Hey, AJ friends and family! The Adventure Journal team is covering the Outdoor Retailer show in Denver this week and will be posting lightly to the site. Some of these posts will come from the best of our archives, including this one. For updates from the show, check out our Instagram.

It’s one of the most stressful questions of the adventure cyclist: “Where the hell I am going to sleep tonight?”

Well, I believe that it is every human being’s nature-given right to sleep without having to pay for the privilege. Some might consider the idea delusional, delinquent, idealistic, or impossible. But believing it acts as a self-fulfilling prophecy. Conviction is the first thing you need on the journey to the as-yet-unknown place where you’ll rest your head.

In four months of cycling from England to Turkey, across all of Western and Eastern Europe, I spent a total of five nights in paid accommodation. It was difficult and stressful – at first. But soon, the realization that it was not only possible but actually easy became a source of liberation. Since then, I’ve spent half a decade relying on the wild camp for overnighting during my travels on four continents.

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The initial power to do this came from stubbornness of character. I refused outright to even consider paid accommodation. I didn’t think about it, therefore it didn’t exist. (I was a real expert in stubbornness.)

If an average hostel in Europe costs $10 a night, my first four months would have cost an extra $1,200 (on top of my $5-per-day food budget) – about 20 percent of what I thought was my entire round-the-world trip budget for several years! Compare that to $200-$250 for a good-quality lightweight tent and the numbers speak for themselves.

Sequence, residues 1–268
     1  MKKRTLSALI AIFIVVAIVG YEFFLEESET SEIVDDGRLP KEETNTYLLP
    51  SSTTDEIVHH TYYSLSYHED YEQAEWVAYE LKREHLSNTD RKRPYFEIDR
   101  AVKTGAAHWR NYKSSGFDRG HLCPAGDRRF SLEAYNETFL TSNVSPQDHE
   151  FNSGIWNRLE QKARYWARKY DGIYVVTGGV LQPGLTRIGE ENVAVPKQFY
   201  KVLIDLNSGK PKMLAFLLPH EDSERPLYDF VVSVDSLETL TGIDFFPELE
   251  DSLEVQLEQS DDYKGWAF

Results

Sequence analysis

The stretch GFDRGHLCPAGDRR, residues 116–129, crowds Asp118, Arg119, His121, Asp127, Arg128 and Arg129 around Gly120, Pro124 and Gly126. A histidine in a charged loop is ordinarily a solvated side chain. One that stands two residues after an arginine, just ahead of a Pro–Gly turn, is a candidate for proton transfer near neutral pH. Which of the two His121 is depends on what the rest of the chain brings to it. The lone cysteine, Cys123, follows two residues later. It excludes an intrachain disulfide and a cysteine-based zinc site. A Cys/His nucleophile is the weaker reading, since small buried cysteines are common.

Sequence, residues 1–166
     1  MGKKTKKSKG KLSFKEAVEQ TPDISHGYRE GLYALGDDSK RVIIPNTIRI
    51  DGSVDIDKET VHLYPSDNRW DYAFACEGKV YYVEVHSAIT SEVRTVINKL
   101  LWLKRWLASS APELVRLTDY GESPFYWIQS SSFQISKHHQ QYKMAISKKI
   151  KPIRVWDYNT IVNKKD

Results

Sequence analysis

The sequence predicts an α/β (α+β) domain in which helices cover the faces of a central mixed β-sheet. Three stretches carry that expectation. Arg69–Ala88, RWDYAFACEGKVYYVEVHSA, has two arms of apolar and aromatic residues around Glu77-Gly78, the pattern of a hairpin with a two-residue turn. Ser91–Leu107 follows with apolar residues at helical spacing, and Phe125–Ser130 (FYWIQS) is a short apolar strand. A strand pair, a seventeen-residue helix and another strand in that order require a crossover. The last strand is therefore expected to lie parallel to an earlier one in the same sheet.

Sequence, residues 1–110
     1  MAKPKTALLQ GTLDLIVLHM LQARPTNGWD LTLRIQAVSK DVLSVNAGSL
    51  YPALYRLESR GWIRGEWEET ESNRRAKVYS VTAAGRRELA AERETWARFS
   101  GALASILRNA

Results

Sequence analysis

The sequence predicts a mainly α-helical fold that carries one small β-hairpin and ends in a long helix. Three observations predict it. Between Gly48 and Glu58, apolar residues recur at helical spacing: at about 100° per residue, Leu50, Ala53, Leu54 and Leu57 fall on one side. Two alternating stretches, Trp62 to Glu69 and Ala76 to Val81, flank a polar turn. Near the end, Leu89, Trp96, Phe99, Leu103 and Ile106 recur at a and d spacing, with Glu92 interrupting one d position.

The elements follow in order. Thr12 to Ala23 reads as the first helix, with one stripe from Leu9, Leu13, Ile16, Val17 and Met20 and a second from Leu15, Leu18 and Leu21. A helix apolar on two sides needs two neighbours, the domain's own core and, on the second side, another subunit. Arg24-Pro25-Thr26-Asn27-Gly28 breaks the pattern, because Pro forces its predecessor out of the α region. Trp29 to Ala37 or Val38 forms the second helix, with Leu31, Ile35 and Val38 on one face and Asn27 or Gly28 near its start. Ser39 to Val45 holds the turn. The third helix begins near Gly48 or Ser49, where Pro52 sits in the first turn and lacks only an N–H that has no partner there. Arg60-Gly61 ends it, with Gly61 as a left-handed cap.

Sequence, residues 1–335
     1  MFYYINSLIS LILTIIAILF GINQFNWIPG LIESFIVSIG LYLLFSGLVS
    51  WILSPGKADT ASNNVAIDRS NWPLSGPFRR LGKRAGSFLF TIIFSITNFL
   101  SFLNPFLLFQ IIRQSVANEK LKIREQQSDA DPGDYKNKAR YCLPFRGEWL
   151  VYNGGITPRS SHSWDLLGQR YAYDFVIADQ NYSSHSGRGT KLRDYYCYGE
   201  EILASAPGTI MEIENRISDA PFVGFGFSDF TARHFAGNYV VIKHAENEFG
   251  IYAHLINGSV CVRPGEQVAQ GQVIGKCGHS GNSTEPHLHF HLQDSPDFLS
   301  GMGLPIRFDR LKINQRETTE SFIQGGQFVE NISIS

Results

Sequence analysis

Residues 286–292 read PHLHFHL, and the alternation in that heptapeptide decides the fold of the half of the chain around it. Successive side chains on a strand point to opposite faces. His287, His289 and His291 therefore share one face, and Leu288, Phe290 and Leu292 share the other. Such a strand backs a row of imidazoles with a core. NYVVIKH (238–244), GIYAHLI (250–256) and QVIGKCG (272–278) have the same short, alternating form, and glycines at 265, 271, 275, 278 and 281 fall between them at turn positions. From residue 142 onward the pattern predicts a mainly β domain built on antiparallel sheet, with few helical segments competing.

Since then, practice has made almost-perfect, and there’s nowhere I’ve not managed to find a free spot to rest at night – whether by traditional wild-camping means or otherwise.

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1. TALK TO PEOPLE
If you’re unsure about your surroundings, stop and talk to people. The 99 percent will be very happy to help you find a suitable spot for your tent, and it’s always best to have the locals’ blessing if possible – what’s the worst that can happen?

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Often you’ll find that this will lead to other social encounters of the most welcome (and welcoming) kind, and this is one of the enviable experiences that few but the independent adventurer have the opportunity to enjoy.

(If there’s nobody around, of course – great. Stealth camping couldn’t be easier.)

2. KNOW WHEN TO STOP
If you’re cycling in open country, allow at least an hour to locate a suitable place to camp, more while you’re learning what works and what doesn’t. If you’re in or approaching a town or city, you need to consider whether you need to stop for anything and if you’ve got time to make it through and out the other side. You’ll also need time to check the area and set up your camp before dark. Spending a few minutes absorbing the vibe of the surroundings is usually a good idea (I’m talking human intuition here, not ‘energies’ or ‘auras’).

Obviously the amount of time you need will depend to a large extent on where you are – sometimes you’ll be spoiled for choice, but if you’re not in a particularly remote area, chances are you’ll need to ride for a while before you find the beach, field, or woods you’re looking for.

If you’re in a busy area, scout a little, have dinner, then sneak off the road to your camping spot under cover of darkness. It’s not ideal, but you’re unlikely to be noticed after dark, unless you wave your stove/headlamp around a lot. This isn’t the ideal situation, but sometime you’ve just got to sleep.

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3. UNDERSTAND YOURSELF BETTER
Yes, there’s stuff living out there – mostly dogs and ants, in my experience (and, if in England, little bunnies). If a dog finds you in your nylon cocoon in the woods, it’ll leave you well alone (after noisily swiping your breakfast if you left it outside). No animal will come to you looking for a fight, because random aggression hasn’t generally been an evolutionarily stable strategy. (If you’re American and about to mention bears, you’re right. You need to know how to camp in bear country.)